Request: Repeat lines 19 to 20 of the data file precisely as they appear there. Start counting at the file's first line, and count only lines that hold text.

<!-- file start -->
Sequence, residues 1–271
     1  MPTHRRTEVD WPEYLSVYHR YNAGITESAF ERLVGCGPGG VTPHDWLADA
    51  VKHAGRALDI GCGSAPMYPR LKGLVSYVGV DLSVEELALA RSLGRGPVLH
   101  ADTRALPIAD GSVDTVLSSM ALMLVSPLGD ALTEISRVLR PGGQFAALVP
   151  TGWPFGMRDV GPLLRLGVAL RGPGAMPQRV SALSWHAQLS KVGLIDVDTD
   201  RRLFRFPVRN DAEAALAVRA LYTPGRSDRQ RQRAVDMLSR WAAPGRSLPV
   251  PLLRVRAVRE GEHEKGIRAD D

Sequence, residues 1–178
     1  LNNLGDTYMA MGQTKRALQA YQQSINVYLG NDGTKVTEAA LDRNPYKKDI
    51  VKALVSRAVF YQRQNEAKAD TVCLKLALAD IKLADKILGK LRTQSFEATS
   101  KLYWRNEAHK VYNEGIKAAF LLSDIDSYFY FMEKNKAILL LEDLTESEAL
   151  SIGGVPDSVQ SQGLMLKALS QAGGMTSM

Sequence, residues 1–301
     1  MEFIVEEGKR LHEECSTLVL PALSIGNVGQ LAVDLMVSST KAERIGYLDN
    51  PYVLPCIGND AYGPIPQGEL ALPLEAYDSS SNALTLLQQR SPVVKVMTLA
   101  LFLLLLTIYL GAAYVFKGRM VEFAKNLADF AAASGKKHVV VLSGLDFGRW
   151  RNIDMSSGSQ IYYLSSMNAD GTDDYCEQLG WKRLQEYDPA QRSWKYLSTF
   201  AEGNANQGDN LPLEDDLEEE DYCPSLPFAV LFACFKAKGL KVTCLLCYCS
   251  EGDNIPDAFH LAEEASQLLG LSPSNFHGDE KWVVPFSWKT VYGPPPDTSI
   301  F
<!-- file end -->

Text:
   251  EGDNIPDAFH LAEEASQLLG LSPSNFHGDE KWVVPFSWKT VYGPPPDTSI
   301  F